Japanese physicians began clinical practice and research activities for thymic diseases as early as 1940, and have since produced important achievements in this field that have influenced medical professionals throughout the world. This study provides a brief summary of the evolution in management of thymic malignancy in Japan.
The first thymectomy procedure for a myasthenia gravis (MG) patient in Japan was performed by Tashiro in Nagoya in 1940, which was only 1 year after a report of thymoma resection performed in a patient with MG presented by Blalock. In contrast, the first thymectomy case in Japan was not associated with a thymoma (1). In 1948, Tsuda of Okayama University performed the first reported resection of a thymic tumor in Japan, which was a dermoid cyst and not a malignant tumor (2).
The first report of surgery for a thymoma came from Tohoku University. In 1953, Kasai et al. reported a series of 21 cases of mediastinal tumors treated at their institution, including one patient with a malignant thymoma who died during the operation (3). Later in 1955, Urabe of Kanazawa University reported their experience with surgery for two patients with malignant thymomas and also reviewed 93 cases of mediastinal tumors reported in Japanese literature, which included 2 benign and 3 malignant thymomas (4). Thus, surgery for thymoma in Japan actually began in the 1950’s.
Surgery for mediastinal tumors was the focus of discussion at the annual conference of the Japan Surgical Society (JSS) in 1962, with reports and investigations presented by Hatano of Tokyo University (5), Takeda of Osaka University (6), and Kasai of Tohoku University (7). Hatano reported a review of 3,780 mediastinal tumors presented in international literature, which revealed 401 thymic tumors, while 69 thymomas (8 benign, 55 malignant, 6 unknown) were found in a search of Japanese studies. In addition, 12 surgical approaches including thoracotomy, median sternotomy, hemi-clam shell incision, and those in various combinations were demonstrated. That review also revealed difficulties with differential diagnosis of mediastinal tumors from aortic aneurysms, pleural tumors, and pulmonary disease. Takeda reported radiological findings of mediastinal tumors, and showed the significance of extrapleural sign in anterior mediastinal tumor cases and also demonstrated the usefulness of venography. Finally, Kasai reported a review of their experience with 66 mediastinal tumors, including 9 thymomas, of which 3 were benign and the remaining 6 were malignant. Among the 6 malignant thymomas, surgical treatment was performed for four cases, but complete resection was not achieved in any. While a partial resection was performed in one and exploratory thoracotomy in three cases. From this meeting, the thymus and thymomas gained the interest of a large number of Japanese surgeons.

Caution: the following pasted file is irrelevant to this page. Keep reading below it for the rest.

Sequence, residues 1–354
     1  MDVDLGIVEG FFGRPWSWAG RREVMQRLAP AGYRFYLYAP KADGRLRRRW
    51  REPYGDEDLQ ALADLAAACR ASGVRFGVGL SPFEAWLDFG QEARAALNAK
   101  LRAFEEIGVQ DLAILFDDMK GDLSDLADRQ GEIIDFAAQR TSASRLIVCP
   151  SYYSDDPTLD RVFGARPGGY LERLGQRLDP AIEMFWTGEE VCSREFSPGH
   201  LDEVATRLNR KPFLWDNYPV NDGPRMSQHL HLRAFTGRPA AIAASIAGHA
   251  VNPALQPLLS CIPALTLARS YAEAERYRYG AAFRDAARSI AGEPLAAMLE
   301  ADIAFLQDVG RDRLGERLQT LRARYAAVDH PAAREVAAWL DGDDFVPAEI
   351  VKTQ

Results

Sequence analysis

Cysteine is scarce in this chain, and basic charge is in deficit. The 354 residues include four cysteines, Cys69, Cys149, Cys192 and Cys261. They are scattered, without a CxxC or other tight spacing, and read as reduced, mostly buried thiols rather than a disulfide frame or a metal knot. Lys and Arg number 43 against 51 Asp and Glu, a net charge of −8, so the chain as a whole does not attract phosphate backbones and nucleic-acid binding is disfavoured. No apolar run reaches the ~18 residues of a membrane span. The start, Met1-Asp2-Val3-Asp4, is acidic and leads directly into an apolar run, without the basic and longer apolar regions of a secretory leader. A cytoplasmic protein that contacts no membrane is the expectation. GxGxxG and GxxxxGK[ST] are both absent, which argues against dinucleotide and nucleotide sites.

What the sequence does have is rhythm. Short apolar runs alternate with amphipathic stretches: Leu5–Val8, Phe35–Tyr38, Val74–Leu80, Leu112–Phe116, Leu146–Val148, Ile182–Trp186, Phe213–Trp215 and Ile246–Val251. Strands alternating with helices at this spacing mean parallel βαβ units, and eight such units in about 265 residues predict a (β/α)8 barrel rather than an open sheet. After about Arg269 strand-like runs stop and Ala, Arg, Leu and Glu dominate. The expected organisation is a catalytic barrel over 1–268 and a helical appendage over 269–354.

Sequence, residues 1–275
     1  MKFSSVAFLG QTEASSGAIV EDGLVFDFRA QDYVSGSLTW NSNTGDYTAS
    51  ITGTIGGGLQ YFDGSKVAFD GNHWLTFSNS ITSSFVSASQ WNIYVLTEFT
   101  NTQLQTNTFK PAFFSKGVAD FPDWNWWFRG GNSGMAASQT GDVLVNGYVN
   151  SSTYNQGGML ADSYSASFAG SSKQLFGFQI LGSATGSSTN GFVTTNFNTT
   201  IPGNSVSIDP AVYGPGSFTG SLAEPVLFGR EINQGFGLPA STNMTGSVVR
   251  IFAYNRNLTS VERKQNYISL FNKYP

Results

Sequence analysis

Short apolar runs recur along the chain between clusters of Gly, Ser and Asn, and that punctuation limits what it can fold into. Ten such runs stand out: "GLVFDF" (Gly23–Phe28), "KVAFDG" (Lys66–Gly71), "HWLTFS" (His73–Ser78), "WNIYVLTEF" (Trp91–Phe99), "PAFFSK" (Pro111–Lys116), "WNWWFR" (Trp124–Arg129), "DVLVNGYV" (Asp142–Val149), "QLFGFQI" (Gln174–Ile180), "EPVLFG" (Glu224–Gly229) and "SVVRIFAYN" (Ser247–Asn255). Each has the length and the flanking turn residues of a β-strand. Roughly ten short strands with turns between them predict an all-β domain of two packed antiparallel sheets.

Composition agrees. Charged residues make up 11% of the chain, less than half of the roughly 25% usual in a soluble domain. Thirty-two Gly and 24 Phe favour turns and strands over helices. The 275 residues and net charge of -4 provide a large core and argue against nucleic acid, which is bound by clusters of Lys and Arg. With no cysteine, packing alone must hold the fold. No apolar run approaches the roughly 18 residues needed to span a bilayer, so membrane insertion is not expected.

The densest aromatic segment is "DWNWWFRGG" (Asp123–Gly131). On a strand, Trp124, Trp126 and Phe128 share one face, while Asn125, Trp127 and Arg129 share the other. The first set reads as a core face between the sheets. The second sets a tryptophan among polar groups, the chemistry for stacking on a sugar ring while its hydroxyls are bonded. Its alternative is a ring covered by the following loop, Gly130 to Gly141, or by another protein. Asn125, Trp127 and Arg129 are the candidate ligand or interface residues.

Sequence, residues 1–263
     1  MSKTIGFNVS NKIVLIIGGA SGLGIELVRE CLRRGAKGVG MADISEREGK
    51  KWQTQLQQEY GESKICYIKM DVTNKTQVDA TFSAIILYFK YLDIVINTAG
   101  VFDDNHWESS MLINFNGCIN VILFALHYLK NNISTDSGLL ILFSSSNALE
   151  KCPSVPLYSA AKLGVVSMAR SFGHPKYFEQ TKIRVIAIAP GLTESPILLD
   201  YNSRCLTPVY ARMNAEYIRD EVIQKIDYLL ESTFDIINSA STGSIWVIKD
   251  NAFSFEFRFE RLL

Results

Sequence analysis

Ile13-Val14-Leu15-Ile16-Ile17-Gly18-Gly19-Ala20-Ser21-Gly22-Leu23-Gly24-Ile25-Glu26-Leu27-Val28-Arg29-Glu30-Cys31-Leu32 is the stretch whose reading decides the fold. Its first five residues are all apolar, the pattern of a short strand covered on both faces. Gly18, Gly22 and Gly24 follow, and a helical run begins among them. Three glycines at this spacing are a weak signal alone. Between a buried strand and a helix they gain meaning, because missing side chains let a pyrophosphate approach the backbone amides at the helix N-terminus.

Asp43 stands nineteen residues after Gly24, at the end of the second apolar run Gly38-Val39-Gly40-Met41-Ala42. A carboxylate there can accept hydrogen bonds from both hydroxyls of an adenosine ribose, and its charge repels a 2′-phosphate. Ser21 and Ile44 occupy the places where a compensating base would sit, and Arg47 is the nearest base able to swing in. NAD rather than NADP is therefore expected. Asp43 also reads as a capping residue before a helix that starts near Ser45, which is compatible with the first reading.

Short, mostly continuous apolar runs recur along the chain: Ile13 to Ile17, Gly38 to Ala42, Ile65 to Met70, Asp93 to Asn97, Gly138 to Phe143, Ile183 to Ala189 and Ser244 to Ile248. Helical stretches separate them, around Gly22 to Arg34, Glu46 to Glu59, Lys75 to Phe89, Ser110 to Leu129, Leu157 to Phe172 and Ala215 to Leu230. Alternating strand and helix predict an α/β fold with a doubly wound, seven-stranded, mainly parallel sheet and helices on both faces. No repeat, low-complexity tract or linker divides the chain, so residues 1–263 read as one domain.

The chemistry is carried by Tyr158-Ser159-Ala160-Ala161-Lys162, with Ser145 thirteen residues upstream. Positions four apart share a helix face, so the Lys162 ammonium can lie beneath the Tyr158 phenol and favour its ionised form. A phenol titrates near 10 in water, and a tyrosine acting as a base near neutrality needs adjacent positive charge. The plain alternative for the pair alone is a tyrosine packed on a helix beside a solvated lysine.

Later, Takeda presented another report of experience with 33 thymic tumor cases, including 13 thymomas, 2 thymic cysts, 1 seminoma-like tumor, 2 lymphosarcoma, and 15 teratodermoid tumors in 1964 (8). That series included an interesting experience with a thymic tumor that showed diminished size after steroid administration. Based on current knowledge, those observations can be explained by a significant reduction in the lymphoid component of a WHO pathological type B1 or B2 thymoma from steroid administration. Watanabe at Keio University presented a series of 67 cases of thymoma in 1965 (9). MG, hematopoietic disease, and Sjögren’s syndrome were associated in ten, six and one patient, respectively, and the pathological characteristics of a thymoma in association with MG revealed the significance of perivascular space. Thus, Japanese clinicians made important progress in the 1960’s, though surgery for thymic tumors was still challenging and experience was limited.
Thereafter, outstanding achievements were attained in the field of pathology. Shimosato at National Cancer Center in Tokyo identified squamous cell carcinoma of the thymus and reported experiences with eight cases in 1977 (10). Later, the same group described comprehensive issues regarding the pathology of thymic epithelial tumors, which were helpful for both clinical and basic researchers (11).